Contributions to Zoology, 84 (4) – 2015Darko D. Cotoras; Miguel L. Allende: Was the tail bud the ancestral centre where the fin developmental program evolved in chordates?

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Similarities between the tail and the extremities

The idea that limb and tail buds present similar development was first mentioned by Hans Grüneberg (1956) and later suggested again by other authors (Schubert et al., 2000). At the same time it also matches the idea of Axis paramorphism as long as the tail is considered as an appendage itself.

Histologically the VER and the AER correspond to an ectodermal epithelial tissue that covers proliferative mesenchyme. In both cases the epithelium/mesenchyme interaction is important for the proliferation of mesodermal cells (Ohta et al., 2007).

In zebrafish there is a ‘tail organizer’, in the sense of been the source of signaling pathway components such as Wnt, Bmp and Nodal (Liu et al., 2004), in a similar way that the ZPA is a source of Shh in the tetrapod limb bud (Bouldin et al., 2010). Additionally, in mouse, a mutation in the gene stratifin produces the phenotype called repeated epilation in which the VER and the AER are very thin and there is an abnormal development of both limbs and tail (Salzgeber and Guénet, 1984; Herron et al., 2005).

Concerning the development of limbs, the Shh pathway has been studied extensively and it is associated with the antero-posterior polarization processes (Bouldin et al., 2010). The presence of Shh was detected in the posterior regions of tetrapod limbs (Riddle et al., 1994), teleost fish (Reifers et al., 1998), the little skate (L. erinacea) and sharks (Chiloscyllum punctatum (Müller and Henle, 1838) and S. canicula) (Hadzhiev et al., 2007; Sakamoto et al., 2009) (Table 1). The caudal fin of zebrafish expresses transcripts of several genes (e.g. ptc and shh) present in the Shh signaling pathway (Krauss et al., 1993; Hadzhiev et al., 2007). In mouse there is expression in the caudal region, however it is in the future spinal cord area (Solloway and Robertson, 1999). As this expression occurs later in development (day 9.5) it is probably not related with the formation of the tail itself.

FIG2

Table 1. Summary of genes expressed on fin/extremities and caudal fin/tail. *Indirect evidence (for details see on section: Similarities between the tail and the extremities). In bold, genes expressed consistently in all the discussed structures.

Elements from the Bmp pathway are expressed recurrently in both structures (Table 1). For example, Bmp2 is expressed in the chicken AER (Akita et al., 1996), the mouse limb bud (Moon et al., 2000) and the zebrafish pectoral fin (Neumann et al., 1999). It is also present in the mouse VER from the earliest stages until the growth of the tail finishes. Another gene from this pathway is bmp4, in mouse it is present in the AER (Akita et al., 1996), but not in the VER (Catala et al., 1996). In addition, many BMPs have been detected in the caudal fin primordium of zebrafish (Hadzhiev et al., 2007). A final example is Bmp11, which is present in the tail bud and also in the limb bud of Xenopus (Gamer et al., 1999).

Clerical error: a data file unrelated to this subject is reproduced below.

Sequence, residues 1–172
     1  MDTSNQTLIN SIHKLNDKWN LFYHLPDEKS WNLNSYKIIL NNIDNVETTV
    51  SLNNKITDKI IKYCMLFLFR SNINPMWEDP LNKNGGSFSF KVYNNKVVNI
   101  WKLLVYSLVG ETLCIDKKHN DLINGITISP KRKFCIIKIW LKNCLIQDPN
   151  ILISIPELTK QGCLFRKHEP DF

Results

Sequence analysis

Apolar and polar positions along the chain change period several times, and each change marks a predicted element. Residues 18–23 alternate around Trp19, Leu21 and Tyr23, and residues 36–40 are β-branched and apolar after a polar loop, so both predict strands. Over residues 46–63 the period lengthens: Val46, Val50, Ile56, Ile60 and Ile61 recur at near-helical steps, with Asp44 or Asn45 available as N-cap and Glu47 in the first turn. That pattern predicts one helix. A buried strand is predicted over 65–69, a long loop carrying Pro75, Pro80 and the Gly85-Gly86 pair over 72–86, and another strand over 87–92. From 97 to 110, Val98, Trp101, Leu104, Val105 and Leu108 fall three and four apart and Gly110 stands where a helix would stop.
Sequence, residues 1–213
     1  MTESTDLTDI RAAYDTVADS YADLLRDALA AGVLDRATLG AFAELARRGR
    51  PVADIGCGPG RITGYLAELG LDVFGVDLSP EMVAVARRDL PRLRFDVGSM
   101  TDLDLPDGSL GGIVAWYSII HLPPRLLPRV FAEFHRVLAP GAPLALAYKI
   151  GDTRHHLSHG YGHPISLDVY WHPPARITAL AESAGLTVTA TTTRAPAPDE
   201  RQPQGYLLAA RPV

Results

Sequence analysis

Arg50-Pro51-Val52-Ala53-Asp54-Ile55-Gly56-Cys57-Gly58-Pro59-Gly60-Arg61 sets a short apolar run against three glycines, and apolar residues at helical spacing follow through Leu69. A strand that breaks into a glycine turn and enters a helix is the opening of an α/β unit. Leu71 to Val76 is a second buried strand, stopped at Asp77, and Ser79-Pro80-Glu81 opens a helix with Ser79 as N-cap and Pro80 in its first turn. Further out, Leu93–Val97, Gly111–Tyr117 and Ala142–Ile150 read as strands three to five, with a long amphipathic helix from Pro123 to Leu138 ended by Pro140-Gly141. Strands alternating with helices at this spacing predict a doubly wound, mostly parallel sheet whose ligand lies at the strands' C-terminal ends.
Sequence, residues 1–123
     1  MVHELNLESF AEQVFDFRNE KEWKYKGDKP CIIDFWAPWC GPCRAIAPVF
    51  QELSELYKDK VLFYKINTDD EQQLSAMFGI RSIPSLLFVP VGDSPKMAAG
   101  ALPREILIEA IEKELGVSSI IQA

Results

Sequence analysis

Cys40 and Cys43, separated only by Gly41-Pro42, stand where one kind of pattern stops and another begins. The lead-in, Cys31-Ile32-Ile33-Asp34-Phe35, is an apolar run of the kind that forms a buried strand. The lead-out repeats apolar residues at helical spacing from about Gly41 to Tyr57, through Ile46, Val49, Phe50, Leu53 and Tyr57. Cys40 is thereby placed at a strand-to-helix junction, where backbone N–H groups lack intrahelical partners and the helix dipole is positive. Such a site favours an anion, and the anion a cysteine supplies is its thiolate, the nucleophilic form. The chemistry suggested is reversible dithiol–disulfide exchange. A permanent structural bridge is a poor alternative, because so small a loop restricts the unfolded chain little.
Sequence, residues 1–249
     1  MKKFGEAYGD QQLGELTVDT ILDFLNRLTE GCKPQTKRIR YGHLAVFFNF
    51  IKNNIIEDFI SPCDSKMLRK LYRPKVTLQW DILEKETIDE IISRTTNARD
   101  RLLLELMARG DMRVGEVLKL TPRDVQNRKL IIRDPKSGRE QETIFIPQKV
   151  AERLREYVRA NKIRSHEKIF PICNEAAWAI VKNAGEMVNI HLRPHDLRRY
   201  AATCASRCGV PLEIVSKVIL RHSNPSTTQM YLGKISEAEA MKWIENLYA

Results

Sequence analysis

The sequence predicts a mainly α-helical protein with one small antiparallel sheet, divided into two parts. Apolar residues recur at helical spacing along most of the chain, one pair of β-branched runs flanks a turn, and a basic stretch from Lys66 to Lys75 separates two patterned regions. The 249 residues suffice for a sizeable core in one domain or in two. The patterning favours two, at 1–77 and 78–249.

Several proteins of the Wnt pathway are found in vertebrate limbs and tails (Table 1). Wnt3a is expressed in mice limbs (Visel et al., 2004), as well as the most caudal portion of the tail bud (Takada et al., 1994). Mice carrying null alleles for wnt3 have truncated tail bud development, but there was no major effect on the extremities (Greco et al., 1996). It could suggest the expression of other genes with redundant functions or the fact that wnt3 is actually involved in other developmental processes on the limb. For chicken wnt3a has been reported in the AER (Kengaku et al., 1998). In zebrafish, Wnt3a is expressed in the AER (Ng et al., 2002) and morpholino knockdowns of wnt8 and wnt3a completely blocked the formation of the tail (Thorpe et al., 2005). Consistent with this phenotype, wnt8 expression is detected at the tip of the tail in zebrafish (Kelly et al., 1995). Moreover, the exogenous application of Wnt8c on the flank of chicken embryos induces the formation of an ectopic limb (Kawakami et al., 2001).

Wnt5a and wnt5b are also expressed in the chicken AER (Loganathan et al., 2005). The first one has a role related with the growth of the underlying mesenchyme (Dealy et al., 1993). The same gene is expressed in the pectoral fins of medaka, Oryzias latipes (Temminck and Schlegel, 1846) (Yokoi et al., 2003). In mouse, wnt5a is involved in the proliferation of branchial arches, facial protrusions, limb bud, VER (Goldman et al., 2000), fingers and genitals. In the mutant wnt5a-/- many of these tissues, including the tail and limbs, present a truncation in their growth (Yamaguchi et al., 1999). The expression of this gene in the branchial arches could also be considered as an argument in favor of the Archipterygium Hypothesis. In addition, wnt5b has a pattern of expression in the tail that is very similar to the one observed for wnt3a (Takada et al., 1994). On the other hand, during the regeneration process of the Xenopus tadpole tail, it is possible to detect the expression of wnt3a and wnt5a (Lin and Slack, 2008).